Thursday, April 15, 2010

#237 Bernie Allen

#237 Bernie Allen
Bernie's not practicing his bunts. He's actually working at his second job: bat salesman.

Fun facts about Bernie Allen:

-Born in East Liverpool, OH, Bernie was a two-sport athlete at Purdue University, where he also played quarterback.

-He signed with the Twins in 1961 and played only 80 games in the minors before jumping to the big leagues the following year.

-As a rookie second baseman, Allen played in all but three of the team's games and set offensive marks that he would not surpass for the rest of his career: a .269 average, 12 home runs, 64 RBI, and 27 doubles. He was named to the Topps All-Star Rookie team.Link
-On May 6, 1962, his walkoff three-run homer with one out in the bottom of the ninth gave the Twins a 10-7 win over Detroit.

-The dreaded sophomore slump struck in 1963, as he carried a .198 average in mid-August before heating up over the final weeks of the season to end the year at .240.

-A takeout slide by Don Zimmer in June 1964 tore the anterior cruciate ligament in Bernie's knee. A team-sponsored doctor misdiagnosed him, claiming that he did not need surgery.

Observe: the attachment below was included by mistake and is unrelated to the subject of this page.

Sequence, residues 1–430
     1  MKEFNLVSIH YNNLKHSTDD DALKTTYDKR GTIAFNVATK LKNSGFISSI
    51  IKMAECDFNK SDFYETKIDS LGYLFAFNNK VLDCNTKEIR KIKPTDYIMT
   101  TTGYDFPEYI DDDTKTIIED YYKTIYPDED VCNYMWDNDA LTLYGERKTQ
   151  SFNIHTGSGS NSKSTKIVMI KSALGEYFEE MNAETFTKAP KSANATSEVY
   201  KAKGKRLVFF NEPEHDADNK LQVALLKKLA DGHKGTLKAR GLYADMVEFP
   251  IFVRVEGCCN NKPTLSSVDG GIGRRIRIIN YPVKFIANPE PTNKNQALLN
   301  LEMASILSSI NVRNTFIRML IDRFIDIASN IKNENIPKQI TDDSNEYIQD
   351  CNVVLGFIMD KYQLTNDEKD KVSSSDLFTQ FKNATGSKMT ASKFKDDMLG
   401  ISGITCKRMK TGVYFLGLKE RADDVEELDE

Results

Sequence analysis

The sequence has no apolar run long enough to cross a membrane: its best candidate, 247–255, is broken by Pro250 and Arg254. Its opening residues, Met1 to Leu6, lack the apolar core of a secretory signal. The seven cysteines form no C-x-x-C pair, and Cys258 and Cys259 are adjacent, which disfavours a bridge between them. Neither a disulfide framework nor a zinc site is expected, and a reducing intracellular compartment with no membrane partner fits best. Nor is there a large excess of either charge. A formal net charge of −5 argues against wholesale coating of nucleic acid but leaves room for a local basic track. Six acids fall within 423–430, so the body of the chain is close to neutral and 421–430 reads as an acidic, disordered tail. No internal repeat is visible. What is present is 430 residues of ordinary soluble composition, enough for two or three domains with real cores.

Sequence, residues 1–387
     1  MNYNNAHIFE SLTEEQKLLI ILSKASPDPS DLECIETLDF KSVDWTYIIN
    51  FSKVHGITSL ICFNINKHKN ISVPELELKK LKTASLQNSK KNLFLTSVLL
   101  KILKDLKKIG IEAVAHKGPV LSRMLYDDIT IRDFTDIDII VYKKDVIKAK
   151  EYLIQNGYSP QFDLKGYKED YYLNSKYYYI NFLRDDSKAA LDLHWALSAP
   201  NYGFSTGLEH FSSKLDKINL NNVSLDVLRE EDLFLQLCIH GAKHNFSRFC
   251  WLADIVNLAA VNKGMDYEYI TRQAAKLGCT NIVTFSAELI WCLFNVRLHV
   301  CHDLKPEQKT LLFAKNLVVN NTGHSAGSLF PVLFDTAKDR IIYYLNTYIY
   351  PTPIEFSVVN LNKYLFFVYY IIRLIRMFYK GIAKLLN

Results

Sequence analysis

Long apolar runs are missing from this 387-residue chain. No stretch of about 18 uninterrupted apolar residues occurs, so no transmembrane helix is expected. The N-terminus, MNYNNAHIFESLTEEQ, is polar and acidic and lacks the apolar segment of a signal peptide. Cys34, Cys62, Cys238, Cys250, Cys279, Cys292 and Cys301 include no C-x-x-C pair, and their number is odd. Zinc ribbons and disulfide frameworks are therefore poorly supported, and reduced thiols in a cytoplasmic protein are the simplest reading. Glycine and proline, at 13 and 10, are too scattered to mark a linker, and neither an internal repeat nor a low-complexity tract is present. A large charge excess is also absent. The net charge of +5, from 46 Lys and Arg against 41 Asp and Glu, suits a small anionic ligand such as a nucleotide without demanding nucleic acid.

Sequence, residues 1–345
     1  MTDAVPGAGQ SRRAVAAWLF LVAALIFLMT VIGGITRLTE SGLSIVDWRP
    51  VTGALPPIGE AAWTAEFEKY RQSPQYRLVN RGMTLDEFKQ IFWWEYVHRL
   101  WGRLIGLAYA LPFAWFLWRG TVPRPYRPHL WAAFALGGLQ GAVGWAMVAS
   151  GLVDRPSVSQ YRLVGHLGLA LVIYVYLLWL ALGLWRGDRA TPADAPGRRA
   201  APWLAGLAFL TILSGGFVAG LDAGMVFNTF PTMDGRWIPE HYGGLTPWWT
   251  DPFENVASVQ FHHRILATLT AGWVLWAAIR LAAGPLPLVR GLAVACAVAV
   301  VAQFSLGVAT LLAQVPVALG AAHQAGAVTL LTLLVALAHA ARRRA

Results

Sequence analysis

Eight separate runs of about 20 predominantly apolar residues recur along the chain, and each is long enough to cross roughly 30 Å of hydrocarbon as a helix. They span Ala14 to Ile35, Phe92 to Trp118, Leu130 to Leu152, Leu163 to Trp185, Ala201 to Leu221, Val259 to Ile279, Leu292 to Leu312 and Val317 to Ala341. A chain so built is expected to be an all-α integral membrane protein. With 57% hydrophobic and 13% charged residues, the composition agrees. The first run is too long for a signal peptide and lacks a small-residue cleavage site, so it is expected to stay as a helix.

-The infielder sought out a surgeon at his own expense and had the knee repaired, even though the ligament had shriveled in the ensuing months since the injury.

-Despite worries that his career was over, Allen did return to play 767 games over the next nine seasons. He was not quite the same player, hitting above .250 only once.

-After stints with the Senators and Yankees, he finished up with the Expos in 1973. For his career, Bernie hit .239 with 73 home runs and 351 RBI.

-He currently lives in Carmel, IN.
#237 Bernie Allen (back)


  1. Good thing Bernie's not practicing his bunting technique. Otherwise he'd have a few bruised fingertips with THAT grip.

  2. Jim - True; I've seen it happen. I think Luis Matos broke a finger or two.

  3. We see mis-diagnosed knee injuries more than we'd care to today, so it's no surprise that Bernie Allen was mis-diagnosed back in '64.

    High level athletes like Bernie (especially as a two-sport athlete) may sometimes have higher thresholds for pain than a doctor is used to seeing which may contribute to an incorrect diagnosis.

    Second (or even third) opinions can sometimes be invaluable.